The weather forecast promised a brief spell of dry weather and maybe even some sunshine before another low swept in from the Atlantic. We took the opportunity to fit in a short walk on the Lancashire Moors.
Our starting point was the beautiful village of West Bradford situated just a few miles north of Clitheroe. We parked by the side of Bradford bridge which spans the River Ribble and walked back up through the village. Our route then led us across fields generally heading north to reach Moor Lane. Looking back with could see the cloud capped Pendle Hill standing out above the cement works.
Beyond the barn Moor Lane changes to a green track and some we began the steady climb onto the moor. It was easy walking although a little damp underfoot and we were soon onto Bradford Fell. The track swung to the right and we headed towards Grindleton Forest. It was now slightly more than damp and we had trouble trying to find solid ground.
At the edge of the forest we reached the highest point on our walk 1066 ft /325m. We stopped here to admire the view and to eat our lunch in the shelter of an old dry stone wall. Growing on the wall were some beautiful lichen. They had pale green cup shaped stalks and bright red fruiting bodies. I tried to take some photos but the red bits were only about 3mm in diameter. I wish I had got a macro lens with me.
We now headed back towards West Bradford over waterlogged fields. Our walk description was not very clear and some of the gates we came to only had signs on one side. Unfortunately not the side facing us.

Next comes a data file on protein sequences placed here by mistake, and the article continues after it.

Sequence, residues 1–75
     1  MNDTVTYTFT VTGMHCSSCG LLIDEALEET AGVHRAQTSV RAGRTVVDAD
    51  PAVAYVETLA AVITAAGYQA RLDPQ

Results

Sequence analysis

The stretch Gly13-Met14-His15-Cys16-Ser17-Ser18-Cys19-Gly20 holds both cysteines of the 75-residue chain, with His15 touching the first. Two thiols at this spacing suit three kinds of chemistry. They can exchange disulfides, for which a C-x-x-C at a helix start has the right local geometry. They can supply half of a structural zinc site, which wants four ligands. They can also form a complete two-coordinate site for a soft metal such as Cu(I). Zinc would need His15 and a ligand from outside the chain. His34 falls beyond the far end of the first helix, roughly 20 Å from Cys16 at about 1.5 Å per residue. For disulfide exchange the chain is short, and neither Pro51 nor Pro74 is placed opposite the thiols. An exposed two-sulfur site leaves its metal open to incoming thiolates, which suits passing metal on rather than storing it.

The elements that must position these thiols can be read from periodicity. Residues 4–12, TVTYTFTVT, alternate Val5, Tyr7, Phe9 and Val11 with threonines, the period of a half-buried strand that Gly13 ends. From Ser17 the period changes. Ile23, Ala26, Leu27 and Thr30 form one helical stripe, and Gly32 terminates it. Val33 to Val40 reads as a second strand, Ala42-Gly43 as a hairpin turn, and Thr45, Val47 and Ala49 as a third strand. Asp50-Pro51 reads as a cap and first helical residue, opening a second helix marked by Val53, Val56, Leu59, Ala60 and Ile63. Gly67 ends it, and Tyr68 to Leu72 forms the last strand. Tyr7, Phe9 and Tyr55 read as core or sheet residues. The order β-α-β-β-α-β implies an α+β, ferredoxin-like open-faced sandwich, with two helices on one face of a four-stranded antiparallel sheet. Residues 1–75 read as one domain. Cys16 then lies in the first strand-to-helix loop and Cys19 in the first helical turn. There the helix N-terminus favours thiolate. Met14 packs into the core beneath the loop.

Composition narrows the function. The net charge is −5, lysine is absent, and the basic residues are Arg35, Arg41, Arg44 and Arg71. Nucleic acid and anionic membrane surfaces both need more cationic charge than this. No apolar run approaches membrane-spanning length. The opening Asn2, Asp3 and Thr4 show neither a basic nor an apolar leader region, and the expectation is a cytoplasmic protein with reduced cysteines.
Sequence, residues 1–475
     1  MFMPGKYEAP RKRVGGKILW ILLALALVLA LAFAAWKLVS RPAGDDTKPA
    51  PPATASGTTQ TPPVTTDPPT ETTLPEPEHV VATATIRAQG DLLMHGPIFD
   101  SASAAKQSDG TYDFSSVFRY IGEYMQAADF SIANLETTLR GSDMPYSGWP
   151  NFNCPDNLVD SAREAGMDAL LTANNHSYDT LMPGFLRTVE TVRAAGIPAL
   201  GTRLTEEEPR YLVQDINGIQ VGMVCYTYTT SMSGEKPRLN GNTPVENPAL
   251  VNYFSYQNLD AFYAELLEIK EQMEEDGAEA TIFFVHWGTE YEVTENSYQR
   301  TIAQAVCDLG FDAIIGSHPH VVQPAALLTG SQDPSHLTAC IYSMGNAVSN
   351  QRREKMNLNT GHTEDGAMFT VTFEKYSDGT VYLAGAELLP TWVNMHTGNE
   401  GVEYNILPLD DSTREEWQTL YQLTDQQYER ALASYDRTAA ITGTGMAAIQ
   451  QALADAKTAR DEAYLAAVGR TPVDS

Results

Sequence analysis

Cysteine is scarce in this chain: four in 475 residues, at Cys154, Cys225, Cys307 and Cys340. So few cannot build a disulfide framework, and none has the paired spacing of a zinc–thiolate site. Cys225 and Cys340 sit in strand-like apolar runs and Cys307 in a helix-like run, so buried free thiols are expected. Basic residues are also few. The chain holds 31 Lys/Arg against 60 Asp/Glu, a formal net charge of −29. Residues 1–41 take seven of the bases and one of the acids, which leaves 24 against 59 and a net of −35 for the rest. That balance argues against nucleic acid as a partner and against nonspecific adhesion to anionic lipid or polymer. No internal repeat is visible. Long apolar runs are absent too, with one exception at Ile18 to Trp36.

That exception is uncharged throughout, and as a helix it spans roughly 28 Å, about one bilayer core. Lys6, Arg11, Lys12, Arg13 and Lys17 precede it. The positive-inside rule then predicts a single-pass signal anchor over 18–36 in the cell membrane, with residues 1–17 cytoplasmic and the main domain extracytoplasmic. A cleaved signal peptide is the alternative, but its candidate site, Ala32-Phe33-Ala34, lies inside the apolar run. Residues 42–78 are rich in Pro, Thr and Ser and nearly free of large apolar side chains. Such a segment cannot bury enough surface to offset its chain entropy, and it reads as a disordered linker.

Our walk was only going to be about 6 miles and we were looking to extend it slightly. We plotted a route heading east towards Grindleton. We would reach Green Lane, head south and our final stretch would be the riverside path along the Ribble. The only possible obstacle in our way would be West Clough Brook. When we reached it we had to descend a steep ravine using some wooden steps that were covered in rotting leaves. It was very slippery and we had to be careful. At the bottom we had to “step across the tiny brook”.However today it was a raging torrent 20 ft wide and two feet deep. The ‘stepping stones’ were well under water and the bank had been washed away. There was no way we could get across with dry feet and if we had fallen in it could have been difficult to regain our footing. The only option was to retreat. We reached the outskirts of the village at three o’clock and considered doing part of the riverside walk. However it would be dark in another hour so it was back to the car. Best save it for another day.
We only did just over 8 miles but it seemed more like 12.
Back home we called in at the Nag’s Head. We had all stiffened up on the journey home and hobbled into the pub like four old men (not far from the truth). Half an hour later after a pint of Ruddles we had all made a miraculous recovery.
Another adventure with Les.